Book Reviews: Farmer Able and The Servant Leadership Journal

art barter books

Art Barter’s book Farmer Able is a story of transformation. It’s the story of a domineering farmer who is fixated on bottom-line results and efficiency. He’s an Industrial Age, command-and-demand manager, constantly basing all of his success on what’s in his bank account. The problem is, the more he pushes those around him, the more they dig in their heels, which is literally the case when it comes to his animals. This state of affairs is the way of Able’s life until one magical day when he hears a voice in the wind that whispers to him, “It’s not all about me.” This is the beginning of a change that leads him to begin considering the needs of others on his farm, which ultimately improves not only morale but also production.

Although I am not a big fan of business fables using barnyard animals, this one, much like Animal House, reveals a profound lesson. In this story, Barter reveals one of the chief dysfunctions in organizations, profits over people, and how striking improvements can be made when leaders instead work to help employees see their real potential and then help them deliver on it.

If you want to be a better leader in a way that creates an ethical, engaging and innovative workplace, this book is a good start. In addition, if, like me, you are tired of “business as usual,” this tale will help you inspire your employees to produce better results and find significance in their careers.

To help you on this journey even further and as an adjunct to Farmer Able, Barter has also published The Servant Leadership Journal where he teaches nine behaviors necessary for becoming a servant leader. Through journaling, Barter shows you how these behaviors can change your thinking about leadership both in your personal and professional life. In this book, you are shown four distinct steps to effective journaling: 1) Educate yourself by defining each behavior, 2) Understand where you sit with each behavior, 3) Be Courageous by being honest with yourself, and 4) Apply what you learn in your everyday life.

With both of these texts, you will learn a better leadership philosophy, learn about yourself, and make changes to become a leader people want to follow.

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The Oscars, Guardrails, and a Flourishing Garden

 

The Oscar ceremony was quite the shocker this year when the wrong movie was announced as best picture, and, as I am often want to do, I found a lesson in it for business.

We all make mistakes.  We all have times when, no matter how much we try to put systems in place or have procedures to avoid them, errors are made, and often they are made in front of an audience.  The systems and procedures we worked so hard to put in place fail us right in front of a customer.  And then what, how do our employees react and respond?  This is really the key, not the mistake, but what follows.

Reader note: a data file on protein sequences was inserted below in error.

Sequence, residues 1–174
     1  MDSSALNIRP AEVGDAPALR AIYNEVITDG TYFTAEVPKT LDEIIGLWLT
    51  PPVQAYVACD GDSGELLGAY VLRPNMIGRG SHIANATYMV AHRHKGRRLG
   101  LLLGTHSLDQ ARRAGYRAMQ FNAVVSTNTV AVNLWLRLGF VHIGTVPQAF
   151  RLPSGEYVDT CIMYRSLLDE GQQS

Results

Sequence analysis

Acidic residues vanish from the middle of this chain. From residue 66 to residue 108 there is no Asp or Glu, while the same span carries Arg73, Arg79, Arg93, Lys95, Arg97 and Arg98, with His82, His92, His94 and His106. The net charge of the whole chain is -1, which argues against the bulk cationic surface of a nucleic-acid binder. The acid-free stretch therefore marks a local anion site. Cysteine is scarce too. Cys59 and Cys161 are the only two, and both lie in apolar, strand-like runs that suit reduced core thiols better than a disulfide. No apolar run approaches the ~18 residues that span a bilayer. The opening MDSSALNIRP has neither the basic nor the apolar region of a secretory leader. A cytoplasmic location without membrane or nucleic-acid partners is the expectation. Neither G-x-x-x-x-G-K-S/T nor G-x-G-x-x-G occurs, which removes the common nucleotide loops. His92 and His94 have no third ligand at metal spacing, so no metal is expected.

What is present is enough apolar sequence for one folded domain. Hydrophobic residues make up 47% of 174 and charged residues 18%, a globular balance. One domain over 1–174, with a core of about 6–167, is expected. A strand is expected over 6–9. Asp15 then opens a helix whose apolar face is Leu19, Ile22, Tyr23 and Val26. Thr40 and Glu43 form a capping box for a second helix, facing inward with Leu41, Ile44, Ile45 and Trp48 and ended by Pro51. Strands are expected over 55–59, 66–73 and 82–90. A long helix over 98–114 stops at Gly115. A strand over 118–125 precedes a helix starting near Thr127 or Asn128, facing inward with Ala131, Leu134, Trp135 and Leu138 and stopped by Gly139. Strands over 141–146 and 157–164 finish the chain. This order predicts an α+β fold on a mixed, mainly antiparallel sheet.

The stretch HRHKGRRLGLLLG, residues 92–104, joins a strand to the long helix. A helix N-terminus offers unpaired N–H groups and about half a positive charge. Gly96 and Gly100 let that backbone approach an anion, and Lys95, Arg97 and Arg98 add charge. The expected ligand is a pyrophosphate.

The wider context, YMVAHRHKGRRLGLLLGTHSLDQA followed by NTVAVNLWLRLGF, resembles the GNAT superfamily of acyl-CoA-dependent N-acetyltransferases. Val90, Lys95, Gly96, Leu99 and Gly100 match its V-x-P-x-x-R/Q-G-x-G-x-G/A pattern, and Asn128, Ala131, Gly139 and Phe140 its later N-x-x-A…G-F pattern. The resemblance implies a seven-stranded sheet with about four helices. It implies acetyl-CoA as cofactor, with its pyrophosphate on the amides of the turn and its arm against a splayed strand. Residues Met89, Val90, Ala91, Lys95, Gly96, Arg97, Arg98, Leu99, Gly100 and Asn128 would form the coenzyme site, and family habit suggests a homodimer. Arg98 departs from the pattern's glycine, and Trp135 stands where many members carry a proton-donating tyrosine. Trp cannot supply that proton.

Think about the Oscars, Warren Beatty obviously saw a problem and didn’t know what to do so he handed the envelope to Faye Dunaway and she just went with what she saw without paying attention to the details.  This was an example of a snowball coming down a mountain picking up more potential for disaster all the way down.

How many times have you seen this in your workplace?  A customer is shipped the wrong product, an employee says the wrong thing, the customer goes ballistic and a manager is left trying to mop up the mess.  Not so unusual, in fact, you’ve probably been on both sides of this example.

But what is the lesson?  I think it’s all about making sure we train our people how to improvise and giving them enough room to make decisions in favor of the customer in the moment.  If you are a manager of front-line customer-facing employees, how have you trained them to handle things?  Have you given them any idea of how flexible your “policies” can be or are they left with only one way to go, a way that only serves to make things ugly?  Are your scripts and policies handcuffing your employees to only one solution, a solution that may be no solution at all?

Ultimately, what I am talking about is the need for flexible control.  Managers and business leaders often get so afraid of the “what ifs” that they lose sight of the fact that humans are not machines and need to be able to bend when things don’t go as planned.  As Robert Burns so aptly put it, “the best laid plans of mice and men oft go awry” and we need to give employees the room to improvise and create customer happiness even if they have to do something a bit unorthodox.

I know this strikes fear in the hearts of many a manager but how many games have been won when a player made a decision outside of the game plan when the situation warranted it?  As a business leader, you must decide how wide to make the highway before putting up guardrails.  Some businesses have a very narrow road which, much like the Oscar debacle, ends in the wrong action.  Widen the road, train and trust your team, and always remember that humans make mistakes but it’s the way they handle it that can make the garden grow or wither and die.